I think I can understand why. While invasions of privacy can make us feel uncomfortable, for most people, that is all that they do. The magnitude of the individual harms that Prism imposes on basically upstanding citizens are relatively small. Despite committing three felonies a day, most people do not actually expect ever to be on the business end of a federal prosecution. Creepiness is the only cost of NSA intrusion in their lives, and creepiness fades as it is weighed against the more visceral scariness of the September 11 attacks or the Boston Marathon bombing. Most people really do have, if not nothing, very little to hide.
That is why it is important to acknowledge and emphasize the systemic effect of the NSA’s ambitious efforts to catalogue the world’s communications. The harm caused by Prism is more than the sum of the privacy costs it inflicts on individuals.
In order to limit the power of the federal government and protect individual liberty, the founders appended the Bill of Rights to the US Constitution, explicitly specifying some activities that the federal government may not do. But more important than restrictions on what the government may do are limitations on what the government can do. The government of the founding era was unjust in all kinds of ways, but it had very limited ability to impose any sort of centralized will upon an area as large as the Atlantic seaboard, bordered by a continent-sized wilderness. The tools available—muskets, cannons, horses, and wooden ships—were simply not up to the task of controlling the minutiae of the entire population’s everyday lives from Washington.
Over the last century, this limitation on the power of government has been gradually repealed. We never voted on it, it just happened. As Tyler Cowen argues in his paper, Does Technology Drive the Growth of Government?, the introduction of some of our favorite technologies has led to more government control of our daily lives.
Assume that we had no cars, no trucks, no planes, no telephones, no TV or radio, and no rail network. Of course we would all be much poorer. But how large could government be? Government might take on more characteristics of a petty tyrant, but we would not expect to find the modern administrative state, commanding forty to fifty percent of gross domestic product in the developed nations, and reaching into the lives of every individual daily.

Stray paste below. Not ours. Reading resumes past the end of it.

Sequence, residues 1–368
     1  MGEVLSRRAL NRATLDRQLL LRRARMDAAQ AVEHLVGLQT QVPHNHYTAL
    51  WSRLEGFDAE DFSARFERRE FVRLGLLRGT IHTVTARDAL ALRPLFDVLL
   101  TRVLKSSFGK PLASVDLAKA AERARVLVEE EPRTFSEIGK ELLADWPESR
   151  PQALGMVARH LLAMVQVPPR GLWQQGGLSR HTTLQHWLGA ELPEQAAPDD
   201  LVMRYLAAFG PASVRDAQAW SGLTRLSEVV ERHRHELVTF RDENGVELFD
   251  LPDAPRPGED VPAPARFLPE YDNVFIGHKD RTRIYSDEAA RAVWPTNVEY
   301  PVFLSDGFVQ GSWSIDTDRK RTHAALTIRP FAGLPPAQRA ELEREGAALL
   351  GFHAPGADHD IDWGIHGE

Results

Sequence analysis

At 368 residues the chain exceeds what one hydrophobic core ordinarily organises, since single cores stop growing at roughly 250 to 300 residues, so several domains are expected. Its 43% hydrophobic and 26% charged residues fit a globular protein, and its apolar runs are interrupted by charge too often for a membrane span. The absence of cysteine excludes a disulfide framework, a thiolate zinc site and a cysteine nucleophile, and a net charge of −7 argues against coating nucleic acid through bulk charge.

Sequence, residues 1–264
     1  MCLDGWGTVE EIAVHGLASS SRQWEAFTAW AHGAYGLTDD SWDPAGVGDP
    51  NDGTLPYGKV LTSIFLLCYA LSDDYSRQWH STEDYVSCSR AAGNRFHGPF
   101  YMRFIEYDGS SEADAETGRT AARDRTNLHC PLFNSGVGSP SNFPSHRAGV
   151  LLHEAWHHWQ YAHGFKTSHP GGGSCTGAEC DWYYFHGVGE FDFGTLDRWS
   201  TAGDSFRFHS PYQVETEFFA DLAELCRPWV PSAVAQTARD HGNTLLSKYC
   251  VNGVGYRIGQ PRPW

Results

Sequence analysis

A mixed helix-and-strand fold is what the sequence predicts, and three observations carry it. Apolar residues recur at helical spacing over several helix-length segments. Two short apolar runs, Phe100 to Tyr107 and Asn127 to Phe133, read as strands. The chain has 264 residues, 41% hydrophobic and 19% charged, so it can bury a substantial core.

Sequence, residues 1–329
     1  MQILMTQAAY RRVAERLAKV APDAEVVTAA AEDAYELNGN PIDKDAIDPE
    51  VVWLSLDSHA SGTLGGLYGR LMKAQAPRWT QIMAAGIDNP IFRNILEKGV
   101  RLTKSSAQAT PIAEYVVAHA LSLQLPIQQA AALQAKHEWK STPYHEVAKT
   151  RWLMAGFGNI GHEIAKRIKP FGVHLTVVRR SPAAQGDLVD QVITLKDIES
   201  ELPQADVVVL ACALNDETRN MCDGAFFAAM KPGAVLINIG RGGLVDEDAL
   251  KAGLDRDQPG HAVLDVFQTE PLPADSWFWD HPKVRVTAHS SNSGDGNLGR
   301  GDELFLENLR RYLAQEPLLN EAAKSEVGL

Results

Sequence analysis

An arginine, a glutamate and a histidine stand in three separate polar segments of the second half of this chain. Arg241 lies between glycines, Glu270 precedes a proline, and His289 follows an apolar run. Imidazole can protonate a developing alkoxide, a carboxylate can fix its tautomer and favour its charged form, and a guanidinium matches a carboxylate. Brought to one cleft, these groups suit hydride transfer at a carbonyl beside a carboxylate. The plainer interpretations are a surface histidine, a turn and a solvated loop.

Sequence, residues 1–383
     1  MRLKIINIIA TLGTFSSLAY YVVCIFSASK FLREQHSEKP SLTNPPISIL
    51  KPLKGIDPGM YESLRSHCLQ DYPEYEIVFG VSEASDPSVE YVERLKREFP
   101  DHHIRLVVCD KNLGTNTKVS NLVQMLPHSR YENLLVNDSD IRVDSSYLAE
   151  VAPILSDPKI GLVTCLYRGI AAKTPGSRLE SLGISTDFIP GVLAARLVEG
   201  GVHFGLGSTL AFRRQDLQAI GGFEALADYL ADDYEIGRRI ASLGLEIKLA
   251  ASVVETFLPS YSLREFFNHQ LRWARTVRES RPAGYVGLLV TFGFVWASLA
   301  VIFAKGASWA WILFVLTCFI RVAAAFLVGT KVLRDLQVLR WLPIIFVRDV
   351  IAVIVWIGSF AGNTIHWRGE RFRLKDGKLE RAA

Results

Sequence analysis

As limitations on what the state can do have eroded, the state has done more. To the dismay of my fellow libertarians, much of this growth in government is popular.
But even non-libertarians should have anxiety about repealing the next stage of limitations on what the state can do. The NSA is making an effort, with some apparent success, to know everything that is happening in the world. As the old saying goes, knowledge is power, and through the transitive property of aphorisms, absolute knowledge corrupts absolutely.
I have no doubt that Prism is a helpful tool in combatting terrorism and enforcing the law, as the Obama administration claims. But ubiquitous surveillance doesn’t just help enforce the law; it changes the kinds of laws that can be enforced. It has Constitutional implications, not just because it violates the Fourth Amendment, which it does, but because it repeals a practical barrier to ever greater tyranny.
Our response to the dangers posed by an omniscient state must be twofold. First, in an age when the state can do more than ever before, we must be more vigilant than ever before to limit what the state may do. As Julian Sanchez and others have argued, this means reinvigorating our Fourth Amendment jurisprudence by rejecting the third-party doctrine. And we need to roll back the imperial ambitions of the US military and our various intelligence agencies.
But because our political vigilance in the past has failed, second, we must also invent and adopt technologies to counteract the increased knowledge and power of the state. As my colleague suggests, encryption is an important tool against mass surveillance, not to mention an invaluable way to facilitate the work of whistleblowers like Edward Snowden. In addition to encryption, the use of decentralized services can also limit the ability of the government to monitor everything at once, since they are not susceptible to the general warrants the Obama administration appears to be using to justify its programs.
Wikipedia defines totalitarianism as “a political system in which the state holds total authority over the society and seeks to control all aspects of public and private life whenever necessary.” Since September 11, 2001, the United States has come precariously close to meeting this definition. Neither the Bush nor the Obama administration has seemed to recognize any limit to its authority “when necessary” to avert a terrorist threat. This dangerous trend should trouble everyone, even those who have nothing to hide.